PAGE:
Thing Not To Be Today: shoddy. The cloth called shoddy, which consisted of recycled wool mixed in with a bit of new stuff, was invented by Benjamin Law in Batley, West Yorkshire, England, in 1813. It was a very good thing, because it made clothes much cheaper, and created a market for worn-out fabric. 

The reason shoddy came to mean cheap and nasty is probably because in the American Civil War so many uniforms were needed so quickly that they were made with poor quality shoddy which sometimes fell to bits within days or even in heavy rain.

As to why the fabric was called shoddy in the first place, no one really knows. Shoad is scraps of mining ore and rock; or perhaps it's to do with the shed clothing from which the fabric is made.

Monday 20 August 2018

Spot the Frippet: an object of virtu.

Objects of virtu (or vertu) aren't for me: for one thing I can't be bothered with all the dusting, and for another I enjoy wide open spaces, especially when it comes to window sills.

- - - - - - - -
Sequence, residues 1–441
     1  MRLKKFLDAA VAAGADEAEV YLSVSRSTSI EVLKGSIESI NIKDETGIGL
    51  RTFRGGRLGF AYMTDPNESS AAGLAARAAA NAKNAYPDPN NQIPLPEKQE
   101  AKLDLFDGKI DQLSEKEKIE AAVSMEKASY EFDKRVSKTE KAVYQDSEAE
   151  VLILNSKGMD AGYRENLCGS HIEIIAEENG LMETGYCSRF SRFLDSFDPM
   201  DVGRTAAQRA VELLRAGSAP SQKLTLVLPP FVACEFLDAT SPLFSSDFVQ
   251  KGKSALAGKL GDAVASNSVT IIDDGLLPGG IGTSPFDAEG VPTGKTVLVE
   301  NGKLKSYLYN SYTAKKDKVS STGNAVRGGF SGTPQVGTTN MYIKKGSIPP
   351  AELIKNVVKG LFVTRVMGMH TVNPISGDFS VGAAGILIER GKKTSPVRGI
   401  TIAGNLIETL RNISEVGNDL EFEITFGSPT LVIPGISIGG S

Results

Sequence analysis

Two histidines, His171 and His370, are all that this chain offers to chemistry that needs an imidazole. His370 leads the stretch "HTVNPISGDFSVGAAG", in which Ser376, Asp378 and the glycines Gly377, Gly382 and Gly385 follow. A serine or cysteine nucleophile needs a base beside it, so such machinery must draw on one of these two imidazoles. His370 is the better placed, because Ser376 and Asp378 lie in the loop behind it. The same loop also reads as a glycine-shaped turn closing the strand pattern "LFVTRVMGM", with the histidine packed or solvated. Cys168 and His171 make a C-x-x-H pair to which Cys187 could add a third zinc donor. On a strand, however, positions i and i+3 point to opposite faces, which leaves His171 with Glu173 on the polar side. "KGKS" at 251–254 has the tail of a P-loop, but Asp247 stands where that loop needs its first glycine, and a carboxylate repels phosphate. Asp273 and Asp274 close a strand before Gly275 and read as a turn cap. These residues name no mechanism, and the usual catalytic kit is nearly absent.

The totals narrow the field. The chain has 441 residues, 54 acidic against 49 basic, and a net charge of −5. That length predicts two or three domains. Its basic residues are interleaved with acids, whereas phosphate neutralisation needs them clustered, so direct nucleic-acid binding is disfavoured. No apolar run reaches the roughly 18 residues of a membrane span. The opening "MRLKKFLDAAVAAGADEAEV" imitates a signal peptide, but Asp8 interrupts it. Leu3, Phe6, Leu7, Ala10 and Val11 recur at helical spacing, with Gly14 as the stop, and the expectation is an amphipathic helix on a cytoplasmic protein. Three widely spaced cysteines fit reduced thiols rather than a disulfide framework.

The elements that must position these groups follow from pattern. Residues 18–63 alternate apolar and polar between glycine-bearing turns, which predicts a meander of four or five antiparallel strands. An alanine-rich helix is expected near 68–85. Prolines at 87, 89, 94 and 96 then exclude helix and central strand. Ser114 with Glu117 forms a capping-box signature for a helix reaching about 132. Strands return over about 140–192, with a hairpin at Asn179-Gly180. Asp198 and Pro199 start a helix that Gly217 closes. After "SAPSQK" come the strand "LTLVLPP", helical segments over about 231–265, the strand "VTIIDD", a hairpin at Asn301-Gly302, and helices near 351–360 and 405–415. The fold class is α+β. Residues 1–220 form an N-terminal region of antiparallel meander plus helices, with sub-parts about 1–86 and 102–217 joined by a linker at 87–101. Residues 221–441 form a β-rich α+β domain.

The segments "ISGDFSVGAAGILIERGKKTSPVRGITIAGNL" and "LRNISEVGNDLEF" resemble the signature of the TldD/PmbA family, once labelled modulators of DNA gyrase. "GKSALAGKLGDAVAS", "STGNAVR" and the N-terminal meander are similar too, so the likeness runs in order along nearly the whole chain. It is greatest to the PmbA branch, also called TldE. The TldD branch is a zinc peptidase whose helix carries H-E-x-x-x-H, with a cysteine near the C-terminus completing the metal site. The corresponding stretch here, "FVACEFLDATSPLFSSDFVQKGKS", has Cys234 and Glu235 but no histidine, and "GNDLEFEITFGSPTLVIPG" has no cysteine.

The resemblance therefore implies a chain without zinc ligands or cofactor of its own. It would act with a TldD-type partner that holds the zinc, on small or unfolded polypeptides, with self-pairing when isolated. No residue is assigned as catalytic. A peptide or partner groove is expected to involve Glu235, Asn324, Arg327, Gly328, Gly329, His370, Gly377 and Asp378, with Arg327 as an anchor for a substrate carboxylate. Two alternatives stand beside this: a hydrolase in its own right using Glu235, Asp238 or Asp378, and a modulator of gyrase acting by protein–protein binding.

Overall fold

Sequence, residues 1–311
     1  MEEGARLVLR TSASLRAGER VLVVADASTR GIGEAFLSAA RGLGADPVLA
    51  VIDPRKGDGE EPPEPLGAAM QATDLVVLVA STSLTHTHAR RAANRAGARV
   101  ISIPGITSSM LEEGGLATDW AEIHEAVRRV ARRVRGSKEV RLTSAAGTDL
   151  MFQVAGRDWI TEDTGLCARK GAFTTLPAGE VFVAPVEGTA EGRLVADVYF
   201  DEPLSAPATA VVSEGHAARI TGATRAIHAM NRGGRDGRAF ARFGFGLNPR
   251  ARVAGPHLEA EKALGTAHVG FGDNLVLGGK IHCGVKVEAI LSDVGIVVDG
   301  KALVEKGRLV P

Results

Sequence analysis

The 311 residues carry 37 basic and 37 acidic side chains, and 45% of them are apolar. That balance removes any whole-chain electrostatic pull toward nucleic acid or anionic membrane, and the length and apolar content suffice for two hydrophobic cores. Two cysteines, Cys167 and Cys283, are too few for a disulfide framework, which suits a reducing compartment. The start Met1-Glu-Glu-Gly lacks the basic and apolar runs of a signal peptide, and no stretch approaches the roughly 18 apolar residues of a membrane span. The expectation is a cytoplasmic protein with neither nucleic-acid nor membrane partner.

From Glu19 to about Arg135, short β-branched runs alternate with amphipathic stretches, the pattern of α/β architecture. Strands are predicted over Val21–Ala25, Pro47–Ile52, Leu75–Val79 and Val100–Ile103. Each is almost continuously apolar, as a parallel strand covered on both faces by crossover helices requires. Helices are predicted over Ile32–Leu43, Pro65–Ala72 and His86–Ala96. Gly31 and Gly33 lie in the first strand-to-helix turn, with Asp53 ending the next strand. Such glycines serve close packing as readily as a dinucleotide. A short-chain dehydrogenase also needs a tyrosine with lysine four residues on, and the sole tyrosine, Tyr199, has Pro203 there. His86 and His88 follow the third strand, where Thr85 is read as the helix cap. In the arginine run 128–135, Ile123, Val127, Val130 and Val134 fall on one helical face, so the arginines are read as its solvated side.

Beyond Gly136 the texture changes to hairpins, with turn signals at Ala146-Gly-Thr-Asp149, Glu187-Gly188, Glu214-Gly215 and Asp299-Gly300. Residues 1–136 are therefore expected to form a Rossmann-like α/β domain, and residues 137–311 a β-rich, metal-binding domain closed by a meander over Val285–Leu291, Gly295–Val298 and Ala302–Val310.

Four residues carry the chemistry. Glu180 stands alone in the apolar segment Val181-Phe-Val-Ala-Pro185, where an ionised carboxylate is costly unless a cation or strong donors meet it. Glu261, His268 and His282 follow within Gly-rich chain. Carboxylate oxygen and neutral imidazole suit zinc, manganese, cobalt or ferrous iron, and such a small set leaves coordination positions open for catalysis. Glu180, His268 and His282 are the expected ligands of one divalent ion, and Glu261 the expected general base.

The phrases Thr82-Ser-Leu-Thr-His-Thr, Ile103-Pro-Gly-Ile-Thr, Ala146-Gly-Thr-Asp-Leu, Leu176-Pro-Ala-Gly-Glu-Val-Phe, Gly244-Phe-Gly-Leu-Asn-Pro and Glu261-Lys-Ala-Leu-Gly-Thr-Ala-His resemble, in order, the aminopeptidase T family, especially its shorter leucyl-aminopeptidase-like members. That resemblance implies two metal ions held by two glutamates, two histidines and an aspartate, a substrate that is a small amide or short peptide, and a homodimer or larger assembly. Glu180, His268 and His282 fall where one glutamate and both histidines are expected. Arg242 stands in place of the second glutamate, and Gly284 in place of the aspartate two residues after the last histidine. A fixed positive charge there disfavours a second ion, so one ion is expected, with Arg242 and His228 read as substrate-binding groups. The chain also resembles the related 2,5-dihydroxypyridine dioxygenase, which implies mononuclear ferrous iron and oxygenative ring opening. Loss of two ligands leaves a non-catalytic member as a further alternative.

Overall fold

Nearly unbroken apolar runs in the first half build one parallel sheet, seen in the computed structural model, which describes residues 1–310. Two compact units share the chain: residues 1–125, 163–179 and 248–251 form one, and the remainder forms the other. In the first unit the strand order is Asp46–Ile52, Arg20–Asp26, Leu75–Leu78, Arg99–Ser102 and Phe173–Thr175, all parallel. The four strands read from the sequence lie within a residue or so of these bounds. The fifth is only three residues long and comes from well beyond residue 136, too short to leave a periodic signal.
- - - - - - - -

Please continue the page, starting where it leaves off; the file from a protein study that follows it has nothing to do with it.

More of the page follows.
If I am a connoisseur, then I get much more pleasure from cheese and Monteverdi than eighteenth century shepherds and shepherdesses:

(Hideous, aren't they?)

But, hey, there's no accounting for taste, and people cherish all sorts of horrible stuff, even to the extent of dusting it.

File:V and A Museum snuffbox 28072013 07.jpg
snuff box in the V&A museum, London. Photo by Vassil

What makes a thing an object of virtu? It has to be an object of fine art designed to be collected and displayed. It has to be beautiful (although this is a notoriously slippery idea, see above), rare, or otherwise appealing to a connoisseur.

They don't have to be ugly:

File:Piriform watch, signed Ilbery, London, c. 1800, gold, enamel - Cinquantenaire Museum - Brussels, Belgium - DSC08936.jpg
watch c 1800. Photo by Daderot

Sometimes being eccentric is enough::

File:Vase with coiling dragon MET DP167159.jpg
vase, Vienna, c 1725

But on the other hand a certain business does seem to help: